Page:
On remand, plaintiffs filed an amended complaint, this time asserting claims for negligent performance of an undertaking and fraud. The gravamen of both claims is plaintiffs' allegation that the Bank informed them they must default on their mortgage before the Bank would consider a loan modification. Once plaintiffs defaulted, and notwithstanding the Bank's assurances that plaintiffs were not at risk of foreclosure, plaintiffs' property was sold at a trustee's sale. Plaintiffs claim they relied on the Bank's statements and lost their primary residence as a result. They contend they were financially sound throughout late 2010 and early 2011 and would not have defaulted on their mortgage but for the Bank's wrongful representations.

We now have before us the Bank's motion for summary judgment (doc. 63), plaintiffs' response (doc. 69), and the Bank's reply (doc. 73).


On a motion for summary judgment, the moving party has the burden of showing the absence of any genuine issue of material fact. Once this prima facie showing is made, the burden shifts to the party opposing the motion to present evidence that establishes a genuine issue of material fact to justify a trial. Celotex Corp. v. Catrett, 477 U.S. 317, 323-24, 106 S.Ct. 2548, 2553 (1986). The nonmoving party must "designate specific facts showing that there is a genuine issue for trial." Id. at 324, 106 S.Ct. at 2553. A genuine issue exists only if "the evidence is such that a reasonable jury could return a verdict for the nonmoving party." Anderson v. Liberty Lobby, Inc., 477 U.S. 242, 248, 106 S.Ct. 2505, 2510 (1986). "If the evidence is merely colorable, or is not sufficiently probative, summary judgment may be granted." Id. at 249-50, 106 S.Ct. at 2511 (citations omitted). On the other hand, "[a]ny doubt as to the existence of a genuine issue for trial should be resolved against the moving party." Adickes v. S.H. Dress & Co., 398 U.S. 144, 158-59, 90 S.Ct. 1598, 1608-09 (1970).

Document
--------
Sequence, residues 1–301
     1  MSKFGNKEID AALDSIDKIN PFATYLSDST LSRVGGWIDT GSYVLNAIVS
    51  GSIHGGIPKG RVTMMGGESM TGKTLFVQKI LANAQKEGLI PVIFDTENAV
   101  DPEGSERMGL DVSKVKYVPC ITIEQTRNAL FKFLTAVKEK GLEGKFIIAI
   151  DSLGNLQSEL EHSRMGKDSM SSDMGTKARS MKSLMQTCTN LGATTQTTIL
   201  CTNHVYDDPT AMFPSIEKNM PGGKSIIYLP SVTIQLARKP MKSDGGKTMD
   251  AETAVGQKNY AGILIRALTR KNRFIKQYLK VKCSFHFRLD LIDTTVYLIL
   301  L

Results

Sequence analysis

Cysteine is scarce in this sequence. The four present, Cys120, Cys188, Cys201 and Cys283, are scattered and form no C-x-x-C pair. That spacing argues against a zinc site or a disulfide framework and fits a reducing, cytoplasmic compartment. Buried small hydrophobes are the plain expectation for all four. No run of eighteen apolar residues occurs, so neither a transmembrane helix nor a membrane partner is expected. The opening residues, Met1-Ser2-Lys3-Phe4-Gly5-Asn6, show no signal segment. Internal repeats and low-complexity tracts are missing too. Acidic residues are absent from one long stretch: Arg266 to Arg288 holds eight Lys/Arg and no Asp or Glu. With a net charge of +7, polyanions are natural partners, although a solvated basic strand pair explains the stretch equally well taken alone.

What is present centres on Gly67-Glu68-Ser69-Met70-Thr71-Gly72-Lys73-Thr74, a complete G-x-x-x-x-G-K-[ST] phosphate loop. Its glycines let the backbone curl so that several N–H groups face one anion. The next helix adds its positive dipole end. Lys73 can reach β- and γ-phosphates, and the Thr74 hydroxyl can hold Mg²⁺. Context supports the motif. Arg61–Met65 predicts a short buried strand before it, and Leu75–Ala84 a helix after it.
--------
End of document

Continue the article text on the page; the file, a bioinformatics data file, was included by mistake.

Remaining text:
Plaintiffs assert claims of fraudulent misrepresentation and negligent performance of an undertaking. To prevail on a claim for fraudulent misrepresentation, plaintiffs must show by clear and convincing evidence (1) a false, material representation; (2) made with the speaker's knowledge of its falsity or ignorance of its truth; (3) the speaker's intent that it be acted upon by the listener; (4) the hearer's ignorance of its falsity; (5) the hearer's reliance on its truth; (6) the hearer's right to rely on its truth; and (7) a resulting and proximate injury. Echols v. Beauty Built Homes, Inc., 132 Ariz. 498, 500, 647 P.2d 629, 631 (1982); Comerica Bank v. Mahmoodi, 224 Ariz. 289, 291, 229 P.2d 1031, 1033 (Ct. App. 2010). "Each element must be supported by sufficient evidence. Fraud may never be established by doubtful, vague, speculative, or inconclusive evidence." Echols, 132 Ariz. at 500, 647 P.2d at 631 (quotation omitted). "In order that a representation constitute actionable fraud, it must relate to either a past or existing fact. It cannot be predicated on unfulfilled promises, expressions of intention or statements concerning future events unless such were made with the present intention not to perform." Staheli v. Kauffman, 122 Ariz. 380, 383, 595 P.2d 172, 175 (1979).